Tag Archives: bisexual

Manifestations

Today is a holiday for many in the world. From my secular angle, Epiphany, or January 6th, represents the conclusion of the Christmas holidays. In 2015, I wrote: “I just looked up the meaning of epiphany and it means “manifestation” which I think will be the running theme for the Calgary Gay History Project.”

The Calgary Gay History Project has done manifesting well. Check out our top ten list: here.

In 2023, our manifestation priority is developing the Calgary queer archives. Since the Project was founded in 2012, we have been accepting donations of papers and artifacts about Calgary’s 2SLGBTQ+ past. They now need to be accessioned appropriately in a professional archive—likely at the U of C—to be made available to future researchers. (And to free up some floor space in our apartment…)

A portion of the Calgary Queer Archives stored at home and loosely catalogued.

One of our favourite objects in the archive is Jack’s vest!  Jack Loenen was the first Emperor of the Imperial Court of the Chinook Arch (ISCCA), elected to that position in January 1977 to a sold-out crowd at the then-downtown Holiday Inn.  He wore this leather vest during and after his reign and placed all the pins he collected from other courts he visited representing the ISCCA.

Jack Loenen, Emperor I of ISCCA
Jack Loenen’s vest, Emperor I of ISCCA.

Although Jack is now deceased, his partner Peter Kelsch made this important donation to the Calgary Gay History Project in 2015. I just met up with Peter again a few weeks ago, who had more archive donations and stories to tell (thank you, Peter)!

We at the Calgary Gay History Project wish you a happy new year, including some epiphanies, manifestations or both.

{KA}

Shop local with @yycgayhistory

{The Calgary Gay History Project is on hiatus in December. Look for new queer history content in 2023—happy holidays!}

‘Tis the season for holiday shopping. If you are looking for a good read, check out our two award-winning books from our in-house imprint, ASPublishing.

Our books with faux holiday additions

Our Past Matters: Stories of Gay Calgary hit #1 on the Calgary Herald bestseller list in 2019 and has been selling ever since. John Ibbitson, from The Globe and Mail, explains: “You are going to read about some amazing people, places, and times in these pages… There is no one better equipped than Kevin Allen to give us a tour.”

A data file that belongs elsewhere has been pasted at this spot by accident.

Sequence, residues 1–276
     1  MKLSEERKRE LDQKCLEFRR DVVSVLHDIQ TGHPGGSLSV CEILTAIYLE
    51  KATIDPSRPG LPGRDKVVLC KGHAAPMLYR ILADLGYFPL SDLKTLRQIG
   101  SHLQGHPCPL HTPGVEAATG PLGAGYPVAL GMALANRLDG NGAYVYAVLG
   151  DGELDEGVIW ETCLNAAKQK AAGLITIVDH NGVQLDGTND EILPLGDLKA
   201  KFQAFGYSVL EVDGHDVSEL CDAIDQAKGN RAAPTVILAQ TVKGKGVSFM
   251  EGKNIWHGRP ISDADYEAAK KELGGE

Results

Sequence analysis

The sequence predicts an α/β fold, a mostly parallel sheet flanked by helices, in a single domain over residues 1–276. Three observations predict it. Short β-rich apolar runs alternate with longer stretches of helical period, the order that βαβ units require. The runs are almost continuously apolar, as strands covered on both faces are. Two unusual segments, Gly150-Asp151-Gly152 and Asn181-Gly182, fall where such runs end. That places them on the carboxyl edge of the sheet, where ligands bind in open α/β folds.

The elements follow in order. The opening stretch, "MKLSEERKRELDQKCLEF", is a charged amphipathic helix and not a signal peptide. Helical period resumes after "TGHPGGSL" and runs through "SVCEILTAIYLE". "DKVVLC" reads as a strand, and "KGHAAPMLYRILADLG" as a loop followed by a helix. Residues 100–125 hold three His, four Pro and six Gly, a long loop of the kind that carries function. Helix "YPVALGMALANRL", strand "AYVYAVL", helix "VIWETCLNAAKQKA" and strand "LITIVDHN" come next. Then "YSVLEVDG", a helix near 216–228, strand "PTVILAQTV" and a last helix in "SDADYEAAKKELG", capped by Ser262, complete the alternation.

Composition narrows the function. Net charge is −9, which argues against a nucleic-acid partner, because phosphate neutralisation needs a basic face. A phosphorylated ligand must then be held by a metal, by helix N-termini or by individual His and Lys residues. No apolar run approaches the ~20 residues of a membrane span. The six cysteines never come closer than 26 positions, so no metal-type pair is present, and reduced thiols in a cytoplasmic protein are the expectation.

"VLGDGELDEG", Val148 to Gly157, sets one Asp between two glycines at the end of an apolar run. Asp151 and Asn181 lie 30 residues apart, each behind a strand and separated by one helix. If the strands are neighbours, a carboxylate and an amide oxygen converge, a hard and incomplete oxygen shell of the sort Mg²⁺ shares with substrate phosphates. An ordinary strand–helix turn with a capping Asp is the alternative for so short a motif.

What Narcissus Saw is Gordon Sombrowski’s second book of fiction exploring life in Fernie, BC. It was selected from hundreds of contenders as a finalist in the Whistler Independent Book Awards this past October. The awards jury wrote: “Sombrowski’s linked short stories immediately draw in the reader. He deftly breathes life and intrigue into his settings and characters with language to be savoured.”

Books are available in Calgary at Pages on Kensington and Shelf Life Books. You can also purchase books and have them shipped to you from our online store.

Happy holidays!

{KA}

Giller Mayr

We are delighted that Calgary queer author Suzette Mayr has won the 2022 Giller Prize for her latest novel, The Sleeping Car Porter. It is the story of Baxter, a closeted gay Black man working as a porter on a Canadian passenger train in 1929. 

Suzette Mayr with her Giller Prize. Photo: Taro PR via Xtra.ca

Of the winning book, the jury wrote:

“Suzette Mayr brings to life –believably, achingly, thrillingly a whole world contained in a passenger train moving across the Canadian vastness, nearly one hundred years ago. As only occurs in the finest historical novels, every page in The Sleeping Car Porter feels alive and immediate and eerily contemporary. The sleeping car porter in this sleek, stylish novel is named R.T. Baxter called George by the people upon whom he waits, as is every other Black porter. Baxter’s dream of one day going to school to learn dentistry coexists with his secret life as a gay man, and in Mayr’s triumphant novel we follow him not only from Montreal to Calgary, but into and out of the lives of an indelibly etched cast of supporting characters, and, finally, into a beautifully rendered radiance.”

We last saw Suzette two years ago in the depths of the Covid pandemic at the Fernie Pride Festival. There was a window in September 2020 when public health restrictions allowed for outdoor gatherings in restricted numbers. So despite the evening chill and the anxiety of the early pandemic, Suzette came out for Pride. Her author talk and reading was from Monoceros—a previously celebrated, queer-themed work, which had been long-listed for the Giller Prize.

Authors Angie Abdou and Suzette Mayr at the Fernie Pride Festival, Sept. 25, 2020.

Our literary event host, author Angie Abdou, and Suzette were good-humoured about the hot drinks, warm clothes and torch heaters that made the event possible. Despite the obstacles, we were all so grateful to be together after months of being home alone. Thank you, Suzette, for showing up for the queer community the way you do. We’re such big fans and proud of your success—congratulations!

{KA}